Walmart’s Overseas Headaches Grow as Massmart Cuts Dividend
(Bloomberg) -- Massmart Holdings Ltd.’s lower dividend payout is yet another international headache for majority owner Walmart Inc.
The South African retailer, controlled by the Bentonville, Arkansas-based global chain, cut its full-year dividend 40 percent on Thursday, sending the shares as much as 6.7 percent lower.
Walmart, which bought a majority stake in Johannesburg-based Massmart in June 2011 for 16.5 billion rand ($1.2 billion) has reported growing hurdles overseas, including in China, India and the U.K. In South Africa, Massmart is contending with falling sales at some retail outlets amid a slowdown in the continent’s most-industrialized economy and stubbornly high unemployment.
Massmart is giving shareholders a choice of taking their dividend payout as cash or shares -- the first time in about 10 years Massmart has used this option. That’s part of the retailer’s effort to preserve cash after profitability in the year through December took a knock.
A company broker has indicated that as much as 60 percent of shareholders may opt for the dividend as shares, Chief Executive Officer Guy Hayward said by phone from Johannesburg. If half of the owners take the scrip, it will mean Massmart can shore up 200 million rand of cash, he added.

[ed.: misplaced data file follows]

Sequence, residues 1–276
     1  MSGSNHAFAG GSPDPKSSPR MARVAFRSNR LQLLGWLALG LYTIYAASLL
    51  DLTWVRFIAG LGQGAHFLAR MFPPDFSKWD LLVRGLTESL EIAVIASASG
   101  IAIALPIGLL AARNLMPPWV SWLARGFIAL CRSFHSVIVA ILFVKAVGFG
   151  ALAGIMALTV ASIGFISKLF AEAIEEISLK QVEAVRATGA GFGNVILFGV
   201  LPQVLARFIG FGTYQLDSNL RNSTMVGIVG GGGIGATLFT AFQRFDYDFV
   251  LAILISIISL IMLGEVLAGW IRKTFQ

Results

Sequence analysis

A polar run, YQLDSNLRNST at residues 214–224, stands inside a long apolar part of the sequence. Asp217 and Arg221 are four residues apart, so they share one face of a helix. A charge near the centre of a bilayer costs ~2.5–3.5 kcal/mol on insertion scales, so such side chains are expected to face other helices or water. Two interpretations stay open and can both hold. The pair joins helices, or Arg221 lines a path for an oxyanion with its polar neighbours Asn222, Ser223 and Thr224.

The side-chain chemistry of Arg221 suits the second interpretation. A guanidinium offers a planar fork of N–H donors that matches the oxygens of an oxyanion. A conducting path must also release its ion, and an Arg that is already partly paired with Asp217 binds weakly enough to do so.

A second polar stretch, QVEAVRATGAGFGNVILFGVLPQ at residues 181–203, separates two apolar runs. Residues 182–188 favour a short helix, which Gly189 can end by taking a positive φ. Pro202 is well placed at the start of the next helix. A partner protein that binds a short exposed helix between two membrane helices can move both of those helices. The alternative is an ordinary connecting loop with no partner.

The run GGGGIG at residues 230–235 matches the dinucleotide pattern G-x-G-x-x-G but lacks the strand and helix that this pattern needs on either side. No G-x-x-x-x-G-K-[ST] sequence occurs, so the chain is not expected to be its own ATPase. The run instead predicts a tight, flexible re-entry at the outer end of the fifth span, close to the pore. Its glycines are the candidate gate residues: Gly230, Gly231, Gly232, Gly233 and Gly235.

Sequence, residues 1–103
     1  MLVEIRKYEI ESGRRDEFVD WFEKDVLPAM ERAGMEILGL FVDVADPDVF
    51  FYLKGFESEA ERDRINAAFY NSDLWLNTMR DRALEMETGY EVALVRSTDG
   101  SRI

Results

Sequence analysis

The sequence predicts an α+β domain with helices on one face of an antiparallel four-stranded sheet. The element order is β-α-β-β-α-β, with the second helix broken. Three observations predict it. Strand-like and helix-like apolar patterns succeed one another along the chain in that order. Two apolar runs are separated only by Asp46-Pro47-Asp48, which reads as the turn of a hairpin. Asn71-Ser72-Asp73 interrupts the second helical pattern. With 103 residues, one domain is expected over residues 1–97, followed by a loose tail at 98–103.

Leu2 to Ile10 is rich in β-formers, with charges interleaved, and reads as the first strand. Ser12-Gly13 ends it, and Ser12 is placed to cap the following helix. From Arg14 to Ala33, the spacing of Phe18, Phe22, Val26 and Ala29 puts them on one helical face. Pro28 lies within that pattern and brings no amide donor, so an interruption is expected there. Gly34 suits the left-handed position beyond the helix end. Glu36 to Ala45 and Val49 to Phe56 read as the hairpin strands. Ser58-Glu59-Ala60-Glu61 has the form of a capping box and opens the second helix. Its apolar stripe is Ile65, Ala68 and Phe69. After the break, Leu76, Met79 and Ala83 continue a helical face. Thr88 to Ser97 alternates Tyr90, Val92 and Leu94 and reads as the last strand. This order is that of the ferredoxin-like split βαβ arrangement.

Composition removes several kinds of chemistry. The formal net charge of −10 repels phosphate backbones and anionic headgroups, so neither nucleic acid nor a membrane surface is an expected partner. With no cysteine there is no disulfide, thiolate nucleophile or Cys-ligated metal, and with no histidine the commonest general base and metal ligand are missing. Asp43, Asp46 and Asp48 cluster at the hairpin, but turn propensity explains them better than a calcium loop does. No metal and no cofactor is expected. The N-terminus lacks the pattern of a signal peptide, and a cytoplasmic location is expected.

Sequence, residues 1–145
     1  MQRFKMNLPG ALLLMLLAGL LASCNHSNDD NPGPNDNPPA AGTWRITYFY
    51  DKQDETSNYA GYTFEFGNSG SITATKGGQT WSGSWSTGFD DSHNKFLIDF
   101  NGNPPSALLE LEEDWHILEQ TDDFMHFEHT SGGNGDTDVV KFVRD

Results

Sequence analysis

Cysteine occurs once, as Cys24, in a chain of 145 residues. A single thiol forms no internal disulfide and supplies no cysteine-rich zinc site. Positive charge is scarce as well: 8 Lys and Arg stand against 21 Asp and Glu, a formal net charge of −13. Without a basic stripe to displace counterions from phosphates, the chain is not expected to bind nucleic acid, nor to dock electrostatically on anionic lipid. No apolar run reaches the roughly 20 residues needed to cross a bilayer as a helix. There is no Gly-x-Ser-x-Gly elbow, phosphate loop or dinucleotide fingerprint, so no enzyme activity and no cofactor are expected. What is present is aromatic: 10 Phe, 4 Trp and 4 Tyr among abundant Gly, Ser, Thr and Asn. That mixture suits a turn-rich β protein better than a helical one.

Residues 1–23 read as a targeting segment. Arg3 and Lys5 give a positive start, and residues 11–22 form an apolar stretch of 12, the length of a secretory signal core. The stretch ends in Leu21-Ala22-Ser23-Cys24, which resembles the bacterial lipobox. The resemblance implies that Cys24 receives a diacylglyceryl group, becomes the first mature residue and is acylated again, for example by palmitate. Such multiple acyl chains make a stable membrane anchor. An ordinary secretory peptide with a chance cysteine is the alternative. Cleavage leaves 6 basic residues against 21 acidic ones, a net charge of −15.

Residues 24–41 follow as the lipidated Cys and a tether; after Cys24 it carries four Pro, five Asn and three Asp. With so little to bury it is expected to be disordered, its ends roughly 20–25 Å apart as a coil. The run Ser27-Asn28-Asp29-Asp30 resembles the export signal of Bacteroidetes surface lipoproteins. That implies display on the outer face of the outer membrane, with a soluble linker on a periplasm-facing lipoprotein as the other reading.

“We are not blowing the whistle and declaring an emergency, we’ve always been very careful about costs and capital expenditure,” Hayward said. “But learning from how difficult last year got economically, we believe we need to be doubly vigilant.”
The company is also cutting back on opening new stores as it spends more on technology, while expecting “muted South African economic growth in upcoming years,” as customers face higher fuel prices and increased value-added tax, it said.
This outlook is shared by several South African retailers. Shoprite Holdings Ltd., Africa’s biggest grocer, this week said it expects a drop in full-year earnings. Massmart’s shares have declined 15 percent this year, compared with an 9.3 percent fall in the FTSE/JSE Africa General Retailers Index.
They traded 5.8 percent lower at 87.71 rand as of 10:51 a.m. in Johannesburg.
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